Meditation For Anxiety


When an anxiety attack comes on, it can be hard to think of ways to get yourself out of those anxious feelings. Some try counseling through platforms like BetterHelp; others take pills and call it a day.

If you need anxiety attack help, being proactive and helping yourself to stay calm in all circumstances is an important skill.  Meditation can help you deal with difficult situations that may arise in your life.




Many people may think that meditation has to last for long periods of time and that your mind has to be totally clear of any thoughts while practicing it.  They may have tried meditation and cannot clear their minds of all thoughts for a long period of time so they abandoned the practice.  Those parameters are not true.  Short meditations can be just as effective as a longer practice.  Also, meditation is not controlling your mind so that is free of thought; it is not letting the thoughts control your mind.

In meditation practice, thoughts can just come and go.  If you have any type of thoughts during meditation, just acknowledge them and then let them go.  Guided meditation may be the perfect option.  In guided meditation, you listen to someone who gives you cues on what to concentrate on, gives you mantras to repeat or gives you situations to think about that take your mind away from the issues that may be bothering you. Ben Martin, Psy.D says “These techniques help you pay attention to tension in your body and release it with exercises that help quiet your mind and relax your muscles.”

You can research a guided meditation that will be helpful for anxiety attacks.  There are many options available.  This can teach you tools to use when anxious moments occur so you can be proactive and avoid anxiety attacks.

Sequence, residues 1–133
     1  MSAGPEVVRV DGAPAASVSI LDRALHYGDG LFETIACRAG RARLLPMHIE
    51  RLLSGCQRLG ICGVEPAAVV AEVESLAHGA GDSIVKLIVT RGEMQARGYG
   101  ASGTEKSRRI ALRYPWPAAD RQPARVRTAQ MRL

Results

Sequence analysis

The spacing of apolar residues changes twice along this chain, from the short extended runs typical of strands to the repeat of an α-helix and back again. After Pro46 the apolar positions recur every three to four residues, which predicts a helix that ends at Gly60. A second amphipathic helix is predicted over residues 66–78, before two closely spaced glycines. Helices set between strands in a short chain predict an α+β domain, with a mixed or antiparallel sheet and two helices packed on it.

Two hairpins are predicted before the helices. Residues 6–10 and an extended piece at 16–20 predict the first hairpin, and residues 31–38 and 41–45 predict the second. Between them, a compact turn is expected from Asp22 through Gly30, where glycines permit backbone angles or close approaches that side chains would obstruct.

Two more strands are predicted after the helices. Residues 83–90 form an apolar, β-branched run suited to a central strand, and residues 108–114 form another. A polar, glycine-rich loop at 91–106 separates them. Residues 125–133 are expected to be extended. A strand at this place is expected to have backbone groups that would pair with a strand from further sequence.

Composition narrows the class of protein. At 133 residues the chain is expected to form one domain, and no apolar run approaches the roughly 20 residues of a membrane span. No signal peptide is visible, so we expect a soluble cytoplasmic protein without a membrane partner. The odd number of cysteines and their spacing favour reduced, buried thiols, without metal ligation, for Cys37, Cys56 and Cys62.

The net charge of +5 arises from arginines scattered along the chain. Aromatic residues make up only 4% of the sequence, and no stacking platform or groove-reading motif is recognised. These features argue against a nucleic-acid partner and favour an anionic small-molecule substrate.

YOUTUBE:  YouTube is a great resource for guided meditations.  You can watch videos before you engage in the meditations.  There are thousands of videos that tackle anxiety attacks.  You can view several until you find a guide that you connect with.  You can view and listen to these videos on a computer, your phone or a tablet.


PODCASTS:  There are also many free podcasts that you can download that are specifically for meditation.  This is another option that you can have on your phone or tablet.  Since they are free, you can try several until you find a guide that you connect with.


APPS:  There are a plethora of apps to choose from, but many of them are fee-based.  You may be able to listen to a limited amount of guided meditations before you have to start paying.  Unfortunately, the meditations that are offered for free are more general and not specific to anxiety.  Any meditation can be helpful, but if you are looking for specific meditations for anxiety and you don’t want to pay, apps may not be your best option.  Tanisha Ranger, PsyD once said “If a person is actually in need of therapy, these can be a great supplement, but they cannot take the place of engaging with someone who can offer individualized interpretations and insights that an app cannot provide.” Also, if you pay and then don’t like the guide, it can be a letdown.


BOOKS:  If you are more of a visual learner and like to read about how to meditate, there are many great books on the topic.  You can research meditations specifically for anxiety and you will get a list of books to choose from.  If you aren’t sure which book would be best for you, read the reviews and the thumbnails about the book.  Checking them out of the library may be a good idea if you aren’t sure which book is best.  You don’t want to pay for a book that isn’t going to be helpful to you.


PLAYLISTS:  There is an abundance of playlists on music apps and sites specifically for meditation.  They won’t have the guided piece, but if you feel that you want to meditate without a guide, a meditation playlist can be a great support in your practice. “Therapy doesn’t have to be talk-based; there are some modalities, like music therapy and art therapy, that can help you get those in tune with those emotions without having to cough them up verbally,” says Hannah Goodman, LMHC.